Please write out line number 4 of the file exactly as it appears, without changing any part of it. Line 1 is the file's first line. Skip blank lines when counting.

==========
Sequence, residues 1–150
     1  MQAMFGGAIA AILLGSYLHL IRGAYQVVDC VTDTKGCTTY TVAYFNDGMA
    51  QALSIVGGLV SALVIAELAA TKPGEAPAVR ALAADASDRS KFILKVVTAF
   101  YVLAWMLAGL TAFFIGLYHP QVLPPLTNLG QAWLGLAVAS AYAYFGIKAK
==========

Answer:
   101  YVLAWMLAGL TAFFIGLYHP QVLPPLTNLG QAWLGLAVAS AYAYFGIKAK